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Candida Question #55 Is Fishy Smell Associated With Yeast Infection?

Not really. You shouldn’t have a fish briny sort of vaginal sort of smell with a yeast infection. A yeast infection smell is more of a musty sort of smell. It can be a cheesy discharge and a lot of itch.

When I think of a fish smell, I’m thinking more about bacterial vaginosis, which tends to have a different type of watery, profuse, gray sort of discharge with that fish brine smell. So you should not really have a fishy smell with a Candida infection. But you can have a strong odor, though, which may be misconstrued as a fish smell, but not really. So I hope that answers your question.

My book explains quite a lot about this whole thing, and in Chapter 3, you can read about the diagnosing, testing, and identifying of yeast infections. There’s a whole section on the different types of vaginal afflictions, including inflammations and conditions affecting the vagina. You can read all about those, Chlamydia, Gonorrhea, Herpes, Candida, Bacterial Vaginosis, and I explain all the signs and symptoms, what you’re likely to experience, if there’s any discharge, the odor, what kind of itch you’re likely to get, it’s all in the book. So you can read a lot more about that in Candida Crusher.

Hope that answers your question. Thank you.

Candida Question #54 Can I Buy OTC AntiFungal Cream For Itch?

Of course you can. There are many different creams and lotions and potions you can use for yeast infection. My recommendations are for you not really to use the pharmaceutical approach where you’re going to use a vaginal applicator and a pharmaceutical cream. I don’t find women often have success with these products. They tend to get recurring thrush, recurring yeast infection, which require recurring applications. And often times, a doctor will prescribe these creams along with an applicator, along with an anti-fungal like fluconazole.

You can see some of my case histories in my book, Candida Crusher. Some of these women take these products for 2, 5, and 10 years or more and get no relief. And as soon as they stop, the problem keeps recurring.

What I think about in my mind when you use a product and a proper protocol, you should get a resolution from your problem. You shouldn’t have to be continually relying on a product to keep a problem not just at bay but to eradicate it. If you need to keep using these creams, there’s something not right here. You’re not doing something right.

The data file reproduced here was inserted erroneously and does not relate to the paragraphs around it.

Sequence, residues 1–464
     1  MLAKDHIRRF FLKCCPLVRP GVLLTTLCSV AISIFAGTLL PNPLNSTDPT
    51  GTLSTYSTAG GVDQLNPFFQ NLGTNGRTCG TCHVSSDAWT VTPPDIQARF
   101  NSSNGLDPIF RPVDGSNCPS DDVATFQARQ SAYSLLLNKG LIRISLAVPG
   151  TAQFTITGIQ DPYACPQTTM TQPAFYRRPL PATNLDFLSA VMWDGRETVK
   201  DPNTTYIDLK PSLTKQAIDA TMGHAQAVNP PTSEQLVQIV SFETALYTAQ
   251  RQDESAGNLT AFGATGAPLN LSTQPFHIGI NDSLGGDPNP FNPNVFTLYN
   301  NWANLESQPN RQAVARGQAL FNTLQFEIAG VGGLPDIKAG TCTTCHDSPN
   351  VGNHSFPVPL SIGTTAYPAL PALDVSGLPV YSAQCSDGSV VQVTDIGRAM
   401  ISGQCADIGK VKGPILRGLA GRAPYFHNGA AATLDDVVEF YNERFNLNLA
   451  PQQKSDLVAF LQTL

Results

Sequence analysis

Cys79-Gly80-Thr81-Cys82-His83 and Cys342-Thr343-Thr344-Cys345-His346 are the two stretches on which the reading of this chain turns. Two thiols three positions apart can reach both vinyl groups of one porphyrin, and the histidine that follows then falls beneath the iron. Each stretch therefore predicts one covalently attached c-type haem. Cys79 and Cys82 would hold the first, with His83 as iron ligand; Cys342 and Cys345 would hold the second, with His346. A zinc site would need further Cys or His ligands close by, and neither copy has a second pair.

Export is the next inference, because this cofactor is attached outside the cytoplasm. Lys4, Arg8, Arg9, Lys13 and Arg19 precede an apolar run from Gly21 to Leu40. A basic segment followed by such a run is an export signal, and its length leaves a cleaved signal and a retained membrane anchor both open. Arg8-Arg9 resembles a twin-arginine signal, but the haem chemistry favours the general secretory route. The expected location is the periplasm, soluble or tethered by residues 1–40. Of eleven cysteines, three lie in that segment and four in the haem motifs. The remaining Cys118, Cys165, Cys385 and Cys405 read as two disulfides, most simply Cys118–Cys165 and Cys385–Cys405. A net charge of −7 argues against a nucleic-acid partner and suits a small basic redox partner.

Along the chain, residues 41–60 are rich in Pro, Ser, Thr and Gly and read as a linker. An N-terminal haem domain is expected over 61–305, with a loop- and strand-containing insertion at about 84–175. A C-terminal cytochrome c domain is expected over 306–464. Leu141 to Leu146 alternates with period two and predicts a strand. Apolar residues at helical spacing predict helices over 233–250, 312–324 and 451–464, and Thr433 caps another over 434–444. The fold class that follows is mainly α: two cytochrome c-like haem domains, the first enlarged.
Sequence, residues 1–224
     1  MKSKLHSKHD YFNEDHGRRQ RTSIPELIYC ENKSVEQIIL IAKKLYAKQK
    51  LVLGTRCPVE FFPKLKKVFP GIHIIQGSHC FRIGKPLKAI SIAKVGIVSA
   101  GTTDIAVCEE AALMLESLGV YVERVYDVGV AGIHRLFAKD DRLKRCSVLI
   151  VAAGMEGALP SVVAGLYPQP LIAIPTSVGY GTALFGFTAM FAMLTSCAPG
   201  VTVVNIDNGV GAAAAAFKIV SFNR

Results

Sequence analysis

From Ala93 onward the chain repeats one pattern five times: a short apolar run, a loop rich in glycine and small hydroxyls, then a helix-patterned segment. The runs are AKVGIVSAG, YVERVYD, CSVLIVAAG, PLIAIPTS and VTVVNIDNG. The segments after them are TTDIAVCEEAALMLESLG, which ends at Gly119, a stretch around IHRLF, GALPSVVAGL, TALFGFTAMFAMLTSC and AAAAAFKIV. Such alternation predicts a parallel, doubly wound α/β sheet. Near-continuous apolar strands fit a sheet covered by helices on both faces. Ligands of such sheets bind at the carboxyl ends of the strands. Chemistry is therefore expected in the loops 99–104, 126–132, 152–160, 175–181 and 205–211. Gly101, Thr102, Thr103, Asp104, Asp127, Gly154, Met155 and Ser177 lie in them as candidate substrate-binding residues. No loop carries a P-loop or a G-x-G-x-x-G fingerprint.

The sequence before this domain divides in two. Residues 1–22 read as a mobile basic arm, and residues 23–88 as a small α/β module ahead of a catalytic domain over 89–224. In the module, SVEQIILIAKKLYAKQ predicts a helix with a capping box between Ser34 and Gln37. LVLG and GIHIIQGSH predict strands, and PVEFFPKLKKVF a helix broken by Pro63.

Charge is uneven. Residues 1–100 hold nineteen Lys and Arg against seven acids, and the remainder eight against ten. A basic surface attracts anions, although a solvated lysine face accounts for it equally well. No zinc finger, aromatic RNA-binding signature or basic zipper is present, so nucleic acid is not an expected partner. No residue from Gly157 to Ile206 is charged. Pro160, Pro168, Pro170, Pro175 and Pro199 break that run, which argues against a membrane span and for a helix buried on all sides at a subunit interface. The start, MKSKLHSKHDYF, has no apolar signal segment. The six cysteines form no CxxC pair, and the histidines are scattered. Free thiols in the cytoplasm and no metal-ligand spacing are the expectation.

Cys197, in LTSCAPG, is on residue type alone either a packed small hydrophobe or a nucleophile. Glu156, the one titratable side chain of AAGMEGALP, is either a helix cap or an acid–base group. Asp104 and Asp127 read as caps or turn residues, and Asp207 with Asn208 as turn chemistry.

Have a look at my book, Candida Crusher, Chapter 5, Chronic Vaginal Yeast Infections. There’s some brilliant ideas in there to show you how you can actually cure this condition, get rid of it for good.

So, you can use over-the-counter creams, but why would you recurrently use a cream. Using a cream and getting rid of the condition short term is good, but relying on a product is no good. A good cream you could try out, for example, would be a tea tree-based cream. There are creams made with many different herbs and products with tea tree are very good products that you could use.

What about a tea tree suppository? I recommend those. You can read about those in my book. There are many different douche or cleansing protocols I’ve written about, particularly useful in conjunction with my Candida Crusher diet.

So give that some consideration rather than just relying continually on creams. Thank you.

Candida Question #52 Can I Pass Yeast Infection On To My Unborn Baby?

You can. Many children are born with varying types of conditions that the mother actually has. It’s not impossible to do that and caution needs to be taken. This is why it’s quite clever of you to try and clear any vaginal issues that you have in the second or third trimester, in particular, which will make it a lot easier for you.

Genital herpes is another concern that many doctors have of a woman passing an active herpes condition onto her baby if she has genital herpes. It is possible to pass this on to your unborn baby or I should say baby when it’s being born. If the baby’s still in utero, it’s not highly likely that the baby’s going to have a yeast infection from you. Although some people would argue that systemic infection can pass through the placenta into the child, but I’ve not really seen evidence of this.

Perhaps I didn’t’ answer that question properly, but when you give birth to a child and you have active vaginal thrush, there is a chance that you will pass it on. But if the baby’s in utero and has not been delivered yet, there’s probably a very slim risk of you passing that on because the baby’s in quite a safe environment.

So I do hope that answers your question. Thank you.